I read these and I am very sorry that this has happened to someone in your family. My younger brother broke his neck at C1-C2 many years ago and was quadriplegic, on a respirator, constantly sick with pneumonia, until he died a year and a half after his accident. It was one of the most horrible parts of my life to want to help, and not be able to. It affected many people. I do not know how God allows such things to happen.
You know online marketing and advertising. I suggest you create a fund raiser on Facebook or other social media. Then see if you can raise support. I used to follow groups trying to cure this type of injury, but I have not in many years. You might be able to find a group that would try, but the chance is very small. It is like trying to move a mountain with a teaspoon. Not completely impossible, but not very likely at all.
The night after my brother’s accident (he was in his 30’s then and a strong young man) officials from the hospital came to my mother and I, in the middle of the night to ask if we would donate his organs. We declined because we wanted to talk to him again. In retrospect, all the time past that, he was a heavy heavy heavy burden – emotionally, financially, time wise. I only mention it. It was heart wrenching.
We did manage to get them to put in a “talking trache” which allowed him to speak while on the ventilator. Before that we found and hired a lip reader who could translate for us, reading his lips and telling us what he was saying. In the Dana book there are several instances where that sort of thing is described. My brother was the reason I spent so much time thinking about waking people from comas. He was unconscious for a month and the doctors gave no hope.
The Christopher Reeve foundation studies and tries to help with spinal cord injury. https://www.christopherreeve.org/living-with-paralysis/stats-about-paralysis Reporting the numbers just makes it more dismal and hopeless. Except there are others who share the same pain.
“spinal cord injury” on the internet has about 20 million entry points. I found “সুষুম্না আঘাত” and there are some entries for Bangla. But it is not hopeful. I cannot read them well enough to judge if any would be of any help.
This is the kind of thing that requires many people. You can devote your life to trying to get all the people affected, globally, to work together. Otherwise you can only wait.
I checked on progress with spinal cord injuries. There are groups trying stem cells, and groups using electrical stimulation or using electronics to bypass the damaged cells. And all the groups are only doing it because they benefit from the pain and suffering of others.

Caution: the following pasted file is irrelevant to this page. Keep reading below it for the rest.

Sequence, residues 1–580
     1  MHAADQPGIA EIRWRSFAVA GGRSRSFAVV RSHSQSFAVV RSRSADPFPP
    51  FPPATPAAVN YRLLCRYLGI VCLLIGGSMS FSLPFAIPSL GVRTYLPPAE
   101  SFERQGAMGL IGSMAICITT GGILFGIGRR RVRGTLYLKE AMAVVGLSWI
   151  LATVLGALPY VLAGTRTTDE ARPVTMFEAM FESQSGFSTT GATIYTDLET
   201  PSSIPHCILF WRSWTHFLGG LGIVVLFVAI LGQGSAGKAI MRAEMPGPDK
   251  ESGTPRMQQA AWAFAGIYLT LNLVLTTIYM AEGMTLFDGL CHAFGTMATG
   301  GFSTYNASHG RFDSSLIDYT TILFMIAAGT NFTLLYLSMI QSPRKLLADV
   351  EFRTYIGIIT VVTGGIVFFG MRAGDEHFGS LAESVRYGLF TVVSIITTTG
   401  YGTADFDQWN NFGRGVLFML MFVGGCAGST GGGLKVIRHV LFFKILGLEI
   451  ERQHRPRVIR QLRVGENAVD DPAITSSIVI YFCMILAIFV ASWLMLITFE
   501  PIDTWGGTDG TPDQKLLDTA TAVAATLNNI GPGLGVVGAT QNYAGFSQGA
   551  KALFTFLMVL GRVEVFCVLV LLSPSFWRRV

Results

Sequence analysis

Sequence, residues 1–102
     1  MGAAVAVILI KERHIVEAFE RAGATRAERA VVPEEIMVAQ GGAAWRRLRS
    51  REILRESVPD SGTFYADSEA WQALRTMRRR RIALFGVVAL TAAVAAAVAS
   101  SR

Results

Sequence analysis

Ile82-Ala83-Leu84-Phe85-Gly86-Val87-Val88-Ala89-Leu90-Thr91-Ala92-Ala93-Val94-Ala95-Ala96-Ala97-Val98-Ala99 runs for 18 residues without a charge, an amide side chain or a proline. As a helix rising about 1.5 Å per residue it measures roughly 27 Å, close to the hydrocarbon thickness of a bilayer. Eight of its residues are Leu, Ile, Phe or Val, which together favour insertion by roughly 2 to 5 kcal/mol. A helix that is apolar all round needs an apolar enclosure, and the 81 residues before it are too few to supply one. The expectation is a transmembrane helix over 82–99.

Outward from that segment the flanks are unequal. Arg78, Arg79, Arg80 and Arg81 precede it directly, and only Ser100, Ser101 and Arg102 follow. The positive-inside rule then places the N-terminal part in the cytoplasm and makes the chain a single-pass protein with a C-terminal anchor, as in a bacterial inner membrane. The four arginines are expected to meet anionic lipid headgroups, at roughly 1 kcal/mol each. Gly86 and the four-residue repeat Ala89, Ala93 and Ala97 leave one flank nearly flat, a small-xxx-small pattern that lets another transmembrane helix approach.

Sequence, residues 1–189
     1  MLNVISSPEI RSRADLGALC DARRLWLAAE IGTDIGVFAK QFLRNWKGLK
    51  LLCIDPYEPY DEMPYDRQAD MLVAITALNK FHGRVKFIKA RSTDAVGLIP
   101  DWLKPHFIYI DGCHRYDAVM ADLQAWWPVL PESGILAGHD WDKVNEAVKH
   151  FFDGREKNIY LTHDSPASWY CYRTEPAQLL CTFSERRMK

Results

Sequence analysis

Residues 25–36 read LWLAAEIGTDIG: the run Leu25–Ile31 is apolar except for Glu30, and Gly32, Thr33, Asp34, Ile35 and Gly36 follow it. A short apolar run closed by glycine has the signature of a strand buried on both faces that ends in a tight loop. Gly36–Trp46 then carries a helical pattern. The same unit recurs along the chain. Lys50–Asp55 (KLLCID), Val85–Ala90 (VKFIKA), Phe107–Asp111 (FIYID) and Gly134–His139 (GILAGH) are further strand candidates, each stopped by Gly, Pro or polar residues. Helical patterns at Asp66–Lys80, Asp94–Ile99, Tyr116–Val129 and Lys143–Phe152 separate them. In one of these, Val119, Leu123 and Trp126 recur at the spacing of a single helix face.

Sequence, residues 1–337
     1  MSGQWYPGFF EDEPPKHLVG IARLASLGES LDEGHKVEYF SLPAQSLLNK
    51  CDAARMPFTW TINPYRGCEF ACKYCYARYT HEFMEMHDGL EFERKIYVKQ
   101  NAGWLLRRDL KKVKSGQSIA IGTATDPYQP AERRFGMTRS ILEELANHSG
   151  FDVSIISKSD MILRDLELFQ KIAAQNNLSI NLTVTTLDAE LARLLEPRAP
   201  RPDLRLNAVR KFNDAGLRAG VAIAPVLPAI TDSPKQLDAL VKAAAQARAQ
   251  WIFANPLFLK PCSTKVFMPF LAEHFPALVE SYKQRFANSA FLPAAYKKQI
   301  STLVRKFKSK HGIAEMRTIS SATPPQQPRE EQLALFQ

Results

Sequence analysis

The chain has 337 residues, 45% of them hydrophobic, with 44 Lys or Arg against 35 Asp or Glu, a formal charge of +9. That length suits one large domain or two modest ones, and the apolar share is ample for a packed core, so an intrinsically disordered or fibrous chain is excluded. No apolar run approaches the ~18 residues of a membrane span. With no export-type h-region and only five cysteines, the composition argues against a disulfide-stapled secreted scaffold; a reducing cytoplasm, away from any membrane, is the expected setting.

My best advice to you is to encourage you to get a way to accept donations online, and there are some nonprofit groups that will help with this. Just be aware they also want something.
Think what it will cost to live. Write out a budget, even if you have no way to cover that cost. I don’t know what your family’s future will be, but there are tens of thousands around the world in your situation. And many more with other problems as, or more, severe. Many people live decent lives.
Life is very strange. My mother had four sisters. And two of those sisters had sons who died from broken necks. Those were my first cousins. One died immediately, but the other lived for many years unable to walk or move well. Young men are the most likely to have spinal cord injuries, then young women in accidents, then older people, then young children and people in car accidents. Like I say, life is very strange.
If you need help, I can try to offer advice. It will be hard, and it will be painful at times. But it is not impossible. And what else is there to do, but try your best. If you want to publish that book in Bengali, if it has any value, you can use the proceeds. If I had any advice for Bangladesh, it would be that they could be world leaders in anything they try, but it is hard work, and it has to be sustained for decades, not days or months.
The groups that try to treat spinal cord injuries are spending hundreds of thousands, or millions, per patient. The automation of the movements using sensors and computer stimulation are the lowest cost. There are groups simply making robotic arms and legs. External robotic limbs and tools help, but they need refinement and much lower cost. Much of the stem cell work is simple lab methods, not much more complicated than cooking. Where all of the groups fail, is not working together. And working together is mostly a matter of having tools for that. I tried to get help to make the Internet work for everyone, and keep track of who is working on what. But I do not have those kinds of resources for one country or problem, let alone for all of it. Even if I keep trying to find a way.
Put his story online where you can ask for support.